Less than 40% of Vancouver street drugs contain their expected substance

Aug 2 2018, 11:30 pm

The majority of street drugs tested in Vancouver don’t contain the substance people thought they’d purchased, according to results of a drug checking pilot study.

The pilot study was implemented in November 2017 and over the first six months of the study, researchers tested 1,714 substances, finding that less than two-fifths (39%) were found to contain the substance that the client expected.

Specifically, of the 1,006 (59%) samples sold as opioids, only 186 (19%) were found to contain the expected substance in any detectable amount, and 888 (88%) tested positive for fentanyl. Of the 822 samples expected to be specifically “heroin,” only 109 (13%) contained the expected substance in any amount.

Of the 400 samples sold as stimulants, 354 (89%) contained the expected substance in any amount and 18 (5%) tested positive for fentanyl.

The pilot study was implemented at two supervised consumption sites in Vancouver operated by Vancouver Coastal Health using a Fourier Transform Infrared (FTIR) spectrometer and fentanyl test strips, which can test a range of substances, including opioids, stimulants and other psychoactive drugs such as MDMA, and provide results in a matter of minutes.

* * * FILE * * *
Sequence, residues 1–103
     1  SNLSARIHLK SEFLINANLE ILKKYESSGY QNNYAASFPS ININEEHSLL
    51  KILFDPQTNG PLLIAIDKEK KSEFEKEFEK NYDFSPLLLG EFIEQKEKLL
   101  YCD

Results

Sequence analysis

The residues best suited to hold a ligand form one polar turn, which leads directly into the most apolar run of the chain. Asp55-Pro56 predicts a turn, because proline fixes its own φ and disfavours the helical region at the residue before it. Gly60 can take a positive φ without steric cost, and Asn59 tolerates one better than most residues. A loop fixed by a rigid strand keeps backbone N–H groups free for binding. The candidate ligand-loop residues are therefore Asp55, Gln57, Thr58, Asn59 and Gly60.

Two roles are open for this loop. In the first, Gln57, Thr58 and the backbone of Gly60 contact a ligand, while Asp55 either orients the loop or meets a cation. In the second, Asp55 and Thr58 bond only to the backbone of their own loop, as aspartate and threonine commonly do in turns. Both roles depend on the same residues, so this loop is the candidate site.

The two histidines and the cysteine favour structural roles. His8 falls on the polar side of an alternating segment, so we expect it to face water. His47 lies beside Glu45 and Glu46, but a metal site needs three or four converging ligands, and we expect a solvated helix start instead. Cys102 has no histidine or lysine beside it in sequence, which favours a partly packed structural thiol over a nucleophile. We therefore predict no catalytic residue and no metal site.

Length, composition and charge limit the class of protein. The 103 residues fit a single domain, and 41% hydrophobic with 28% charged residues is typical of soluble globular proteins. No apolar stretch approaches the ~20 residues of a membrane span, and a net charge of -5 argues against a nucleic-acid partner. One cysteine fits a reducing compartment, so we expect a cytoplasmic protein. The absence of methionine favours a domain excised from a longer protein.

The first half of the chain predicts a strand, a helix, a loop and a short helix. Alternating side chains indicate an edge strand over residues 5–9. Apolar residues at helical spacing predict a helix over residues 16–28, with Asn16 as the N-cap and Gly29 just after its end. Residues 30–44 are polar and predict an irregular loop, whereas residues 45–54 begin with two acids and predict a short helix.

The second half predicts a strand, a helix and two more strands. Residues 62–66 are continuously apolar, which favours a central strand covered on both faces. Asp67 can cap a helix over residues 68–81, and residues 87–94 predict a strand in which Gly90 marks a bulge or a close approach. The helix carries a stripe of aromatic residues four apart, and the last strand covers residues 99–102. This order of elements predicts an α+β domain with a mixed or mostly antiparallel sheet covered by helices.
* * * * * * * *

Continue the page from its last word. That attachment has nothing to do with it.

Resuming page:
“Drug checking has revealed new information about the Vancouver downtown drug supply – not only were most of the drugs not what people thought they were, they also contained unexpected and potentially dangerous substances, including fentanyl,” said Kenneth Tupper, of the BC Centre on Substance Use (BCCSU) and principal investigator of the study.

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“Our region is facing a public health emergency driven by adulterated street drugs,” said Vancouver Coastal Health’s Dr. Mark Lysyshyn. “Drug checking is a tool that helps people identify which drugs may contain toxic adulterants such as fentanyl.”

We have seen that this service encourages people to take harm reduction measures like reducing their dose so that they can avoid having an accidental overdose,” said Dr. Mark Lysyshyn, a Medical Health Officer with Vancouver Coastal Health.

The City of Vancouver partnered with the BCCSU to fund the purchase and operation of a specialized drug checking machine for the pilot project in response to the ongoing epidemic of overdoses.

The Vancouver health authority service delivery area has the highest rate of illicit drug overdose deaths in the province. In 2017, 366 people in Vancouver died of an illicit drug overdose.